EIN - You were closer to Elvis than most since you were married to Elvis' friend Jerry Schilling for some time.

MS - In fact I was married to Jerry from 1982 - 1987 and we're still good friends. Jerry and I started dating in 1973 and so I got a chance to spend more time with Elvis than others. I flew on Elvis' plane, spent time at Graceland and usually stayed on the same floor as Elvis in the hotels when were on tour. In California I would stay at Elvis' house on Monovale.


(Right:Myrna Smith & Sweet Inspirations during TTWII filming)

EIN - There is a fascinating new book out about Colonel Parker, how did you relate to him?

MS - My initial experiences with him were not pleasant. The Colonel had this way about him where he wanted you to think of him as unapproachable. So any time I'd go downstairs and say, 'Hello Colonel' he'd walk right past me like he didn't see me. This continued until I decided to start ignoring him and then he suddenly changed and started saying, 'Hello Miss Smith' which broke the ice!

After Elvis died my husband Jerry Schilling was working with The Beach Boys and in fact we were dining with the Colonel the very night that Dennis Wilson drowned.

After that we became friends and we would probably have dinner every weekend with The Colonel & Loanne! And after I started working with Tom Jones, whenever I was in Vegas The Colonel would come to Caesar's Palace and arrange for us to meet up for lunch & I'd invite him to the show. So I did spend a lot of time with him but that was after Elvis' death of course.

EIN - It does seem that The Colonel became a sad man at the end but I don't feel particularly sorry for him when I read what he did to some people. And there is that feeling that neither he, nor Dr. Nick, were any good for Elvis at all in his later career?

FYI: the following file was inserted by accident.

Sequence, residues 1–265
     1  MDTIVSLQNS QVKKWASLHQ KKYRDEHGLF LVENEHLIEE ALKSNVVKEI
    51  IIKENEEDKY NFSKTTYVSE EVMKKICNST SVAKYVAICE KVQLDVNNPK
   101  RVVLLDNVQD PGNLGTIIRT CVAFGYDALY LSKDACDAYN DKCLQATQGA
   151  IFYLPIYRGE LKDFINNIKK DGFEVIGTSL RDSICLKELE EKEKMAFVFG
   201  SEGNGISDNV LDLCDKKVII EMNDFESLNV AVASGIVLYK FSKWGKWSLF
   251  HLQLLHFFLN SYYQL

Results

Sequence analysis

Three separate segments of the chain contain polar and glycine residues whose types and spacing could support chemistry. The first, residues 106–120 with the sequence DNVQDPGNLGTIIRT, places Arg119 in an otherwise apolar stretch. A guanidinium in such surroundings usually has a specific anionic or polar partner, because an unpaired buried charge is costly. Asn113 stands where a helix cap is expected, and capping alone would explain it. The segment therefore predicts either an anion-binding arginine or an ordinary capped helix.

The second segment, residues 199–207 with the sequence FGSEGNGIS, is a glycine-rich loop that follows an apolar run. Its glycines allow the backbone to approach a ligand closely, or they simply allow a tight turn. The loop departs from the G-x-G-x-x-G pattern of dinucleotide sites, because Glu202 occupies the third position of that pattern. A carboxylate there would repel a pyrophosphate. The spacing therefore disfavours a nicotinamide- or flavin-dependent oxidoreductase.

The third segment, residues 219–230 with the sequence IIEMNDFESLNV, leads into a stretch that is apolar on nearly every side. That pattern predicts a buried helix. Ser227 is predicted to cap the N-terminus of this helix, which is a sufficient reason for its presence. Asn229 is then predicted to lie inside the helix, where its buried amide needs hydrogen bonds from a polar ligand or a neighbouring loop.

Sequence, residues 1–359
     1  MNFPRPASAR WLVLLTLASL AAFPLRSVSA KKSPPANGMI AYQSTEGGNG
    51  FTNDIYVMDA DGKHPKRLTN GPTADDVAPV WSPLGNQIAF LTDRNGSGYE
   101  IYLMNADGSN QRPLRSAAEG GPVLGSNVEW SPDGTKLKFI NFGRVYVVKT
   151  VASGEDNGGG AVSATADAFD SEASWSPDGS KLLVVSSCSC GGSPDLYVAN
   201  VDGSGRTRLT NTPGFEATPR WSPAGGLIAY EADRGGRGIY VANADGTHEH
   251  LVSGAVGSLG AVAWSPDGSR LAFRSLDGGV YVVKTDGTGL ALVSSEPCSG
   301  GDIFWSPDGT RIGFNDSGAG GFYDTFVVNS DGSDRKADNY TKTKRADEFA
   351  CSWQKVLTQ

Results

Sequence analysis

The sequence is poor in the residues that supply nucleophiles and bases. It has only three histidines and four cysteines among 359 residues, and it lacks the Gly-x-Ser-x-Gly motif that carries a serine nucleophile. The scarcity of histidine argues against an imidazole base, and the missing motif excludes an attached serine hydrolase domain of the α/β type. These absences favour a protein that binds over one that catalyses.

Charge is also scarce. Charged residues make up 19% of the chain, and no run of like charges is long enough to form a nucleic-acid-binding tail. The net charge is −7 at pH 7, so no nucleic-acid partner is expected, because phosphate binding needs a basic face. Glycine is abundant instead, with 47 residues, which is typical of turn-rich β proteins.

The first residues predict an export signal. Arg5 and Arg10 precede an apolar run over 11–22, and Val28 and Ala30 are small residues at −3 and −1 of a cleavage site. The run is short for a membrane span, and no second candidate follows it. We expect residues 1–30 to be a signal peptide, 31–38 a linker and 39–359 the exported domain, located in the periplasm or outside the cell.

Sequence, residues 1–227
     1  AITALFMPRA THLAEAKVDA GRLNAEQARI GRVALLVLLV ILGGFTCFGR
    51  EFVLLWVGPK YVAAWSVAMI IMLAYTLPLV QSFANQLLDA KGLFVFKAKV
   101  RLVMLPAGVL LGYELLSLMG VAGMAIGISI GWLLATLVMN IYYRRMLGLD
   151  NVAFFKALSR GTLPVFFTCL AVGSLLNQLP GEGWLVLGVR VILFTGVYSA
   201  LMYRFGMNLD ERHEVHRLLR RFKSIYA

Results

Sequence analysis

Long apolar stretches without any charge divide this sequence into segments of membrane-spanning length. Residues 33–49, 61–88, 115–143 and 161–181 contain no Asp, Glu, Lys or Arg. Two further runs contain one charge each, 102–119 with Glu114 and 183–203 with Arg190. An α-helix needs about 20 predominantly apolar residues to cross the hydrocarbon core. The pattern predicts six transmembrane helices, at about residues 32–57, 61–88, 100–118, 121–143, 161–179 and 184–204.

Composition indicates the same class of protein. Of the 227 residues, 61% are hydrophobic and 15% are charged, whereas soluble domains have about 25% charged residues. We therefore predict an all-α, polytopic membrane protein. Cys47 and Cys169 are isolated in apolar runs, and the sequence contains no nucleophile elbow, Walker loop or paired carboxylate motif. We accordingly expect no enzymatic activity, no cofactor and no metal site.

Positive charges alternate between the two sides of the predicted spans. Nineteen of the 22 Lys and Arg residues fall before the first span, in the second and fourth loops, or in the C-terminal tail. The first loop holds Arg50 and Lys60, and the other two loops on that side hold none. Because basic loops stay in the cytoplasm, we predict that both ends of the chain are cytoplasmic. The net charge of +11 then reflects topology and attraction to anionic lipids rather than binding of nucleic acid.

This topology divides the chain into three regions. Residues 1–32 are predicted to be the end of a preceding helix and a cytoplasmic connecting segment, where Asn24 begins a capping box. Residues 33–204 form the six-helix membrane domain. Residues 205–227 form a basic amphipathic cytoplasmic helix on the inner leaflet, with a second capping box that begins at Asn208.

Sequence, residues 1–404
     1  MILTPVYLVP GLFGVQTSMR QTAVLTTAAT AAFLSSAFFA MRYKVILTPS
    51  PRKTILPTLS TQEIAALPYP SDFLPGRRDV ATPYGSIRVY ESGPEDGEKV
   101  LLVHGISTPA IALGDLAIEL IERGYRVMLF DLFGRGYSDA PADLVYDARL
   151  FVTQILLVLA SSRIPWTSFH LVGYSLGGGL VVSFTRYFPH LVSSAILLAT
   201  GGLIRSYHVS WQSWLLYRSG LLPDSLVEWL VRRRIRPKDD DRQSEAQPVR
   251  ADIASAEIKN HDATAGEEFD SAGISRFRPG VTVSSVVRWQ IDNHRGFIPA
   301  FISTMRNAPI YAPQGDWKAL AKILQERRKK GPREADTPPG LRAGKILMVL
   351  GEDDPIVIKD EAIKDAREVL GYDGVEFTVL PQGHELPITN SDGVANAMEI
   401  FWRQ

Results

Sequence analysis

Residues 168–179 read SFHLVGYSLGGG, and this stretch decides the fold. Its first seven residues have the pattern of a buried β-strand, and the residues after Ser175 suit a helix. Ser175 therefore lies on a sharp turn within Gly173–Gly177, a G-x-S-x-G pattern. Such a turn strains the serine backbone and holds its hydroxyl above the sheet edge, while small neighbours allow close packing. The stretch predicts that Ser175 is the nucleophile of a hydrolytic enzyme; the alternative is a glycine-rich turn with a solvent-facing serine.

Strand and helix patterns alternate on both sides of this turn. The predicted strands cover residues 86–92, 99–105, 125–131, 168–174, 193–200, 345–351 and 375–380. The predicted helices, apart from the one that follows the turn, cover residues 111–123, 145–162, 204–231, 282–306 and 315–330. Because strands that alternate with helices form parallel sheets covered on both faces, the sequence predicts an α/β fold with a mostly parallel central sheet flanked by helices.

MS - I actually can't agree with you about Dr. Nick because I happen to think that Dr. Nick did much more good than people know. I think he has been unfairly accused and blamed. Elvis had his own mind and was very stubborn in that respect. Elvis did what Elvis wanted to do and Dr. Nick tried his best by giving him placebos and did all that he could. Elvis was the type of person that could convince you to do what he wanted you to do.

So Dr. Nick got caught up in that, as well as all the other doctors. Some have never even been accused of the harm that they caused. Dr. Nick was not the worst. Someone like 'Dr. Flash' never even gets mentioned. We never even knew his name, but he just came in before the show, gave Elvis a shot and was out of there in a flash! He was bad & he did a lot of harm.

EIN - Did Elvis ever warm up before a show by singing gospel numbers with you or did they always come after the show as a means to chill down?

MS - No, to relax before the shows he would do some stretching exercises with one of his bodyguards like Jerry Schilling. There was also a bottle of oxygen besides the stage and he would take a couple of deep breaths of that before going on. Then he would just go out on stage and be totally into it. But by the end of the show he'd be so wound up that he'd need to relax. So some nights, it wouldn't be every night, he find us and we'd sing. Most nights before he went upstairs he'd come into our dressing room and he'd just sit down and talk to us.